Bacteria assemble remarkable surface structures that interface with their surrounding environment. One such structure is the glycolipid lipopolysaccharide (LPS) that covers the surface of Gram-negative bacteria. LPS is anchored to the bacterial cell by its lipid anchor known as lipid A. Since lipid A is the bioactive component of LPS, modulation of its structure can have a profound impact on disease by altering the host immune response. Additionally, LPS structure directly impacts the outer membrane permeability barrier and bacterial resistance to host antimicrobial peptides. Although the lipid A domain of Escherichia coli has been well characterized, the Vibrio cholerae lipid A biosynthetic pathway has received little attention. The late stages of lipid A biosynthesis include the transfer of the 3-deoxy-Dmanno- octulosonic acid (Kdo) sugars and the secondary acyl chains to the lipid A backbone. Here, the V. cholerae Kdo transferase (Vc0233) was shown to be monofunctional, transferring one Kdo residue to the lipid A precursor, lipid IVA. V. cholerae encode a Kdo kinase (Vc0227) responsible for the phosphorylation of the Kdo residue. The functionality of Vc0227 was shown to be required for the activity of the V. cholerae lipid A LpxL homologue, Vc0213. Interestingly, the addition of the phosphate group on the Kdo sugar was shown to be essential for lipid A secondary acylation in Haemophilus influenzae and Bordetella pertussis. Vc0213 was shown to catalyze the transfer of a myristate (C14:0) to the 2′-position of the V. cholerae phosphorylated Kdolipid A domain. A second protein, Vc0212, acts as an LpxM homologue and transfers 3- hydroxylaurate (3-OH C12:0) to the 3′-position creating hexa-acylated V. cholerae lipid A domain. Although lipid A secondary acyltransferases have been characterized among various Gram-negative bacteria, this is the first report of a lipid A secondary hydroxyacyltransferase. Further, the transfer of 3-hydroxylaurate (3-OH C12:0) was demonstrated to be essential for antimicrobial peptide resistance in V. cholerae and required for activation of the innate immune receptor TLR4.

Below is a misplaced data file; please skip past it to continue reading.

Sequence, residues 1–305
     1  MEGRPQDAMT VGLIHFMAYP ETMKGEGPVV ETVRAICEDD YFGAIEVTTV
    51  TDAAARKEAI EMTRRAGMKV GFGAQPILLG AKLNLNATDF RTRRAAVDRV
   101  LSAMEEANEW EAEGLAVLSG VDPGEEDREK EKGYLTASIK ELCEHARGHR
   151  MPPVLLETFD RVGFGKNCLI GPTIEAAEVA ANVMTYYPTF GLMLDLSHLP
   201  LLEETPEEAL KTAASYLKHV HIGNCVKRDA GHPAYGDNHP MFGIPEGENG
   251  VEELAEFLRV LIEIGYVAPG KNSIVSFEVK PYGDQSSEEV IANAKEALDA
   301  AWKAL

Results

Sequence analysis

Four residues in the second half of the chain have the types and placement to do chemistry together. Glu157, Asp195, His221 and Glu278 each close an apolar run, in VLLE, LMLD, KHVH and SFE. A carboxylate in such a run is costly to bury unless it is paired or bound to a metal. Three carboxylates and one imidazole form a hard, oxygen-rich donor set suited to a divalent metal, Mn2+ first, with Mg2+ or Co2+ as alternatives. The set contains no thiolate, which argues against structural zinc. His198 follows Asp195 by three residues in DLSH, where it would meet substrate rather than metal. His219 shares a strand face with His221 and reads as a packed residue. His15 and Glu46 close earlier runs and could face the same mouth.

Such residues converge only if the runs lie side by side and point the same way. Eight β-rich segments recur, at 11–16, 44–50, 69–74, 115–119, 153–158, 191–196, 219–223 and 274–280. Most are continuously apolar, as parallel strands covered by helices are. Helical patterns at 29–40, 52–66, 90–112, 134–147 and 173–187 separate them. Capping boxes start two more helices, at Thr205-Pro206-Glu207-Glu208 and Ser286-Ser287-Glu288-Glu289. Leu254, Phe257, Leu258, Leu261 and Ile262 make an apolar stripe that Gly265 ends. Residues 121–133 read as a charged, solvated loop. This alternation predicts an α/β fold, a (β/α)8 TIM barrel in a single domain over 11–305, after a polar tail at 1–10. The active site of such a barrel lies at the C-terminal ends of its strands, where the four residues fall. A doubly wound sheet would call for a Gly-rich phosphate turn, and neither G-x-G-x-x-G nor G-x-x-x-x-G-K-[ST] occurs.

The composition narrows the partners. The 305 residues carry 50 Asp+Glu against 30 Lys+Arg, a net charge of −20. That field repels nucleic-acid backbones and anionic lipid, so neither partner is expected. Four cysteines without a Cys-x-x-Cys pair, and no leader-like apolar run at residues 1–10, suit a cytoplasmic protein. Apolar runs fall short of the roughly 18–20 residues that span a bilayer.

• Bisphosphonate-Related Osteonecrosis of the Jaw: From Mechanism to Treatment

      Howie, Rebecca; Department of Cellular Biology and Anatomy (2015-04-20)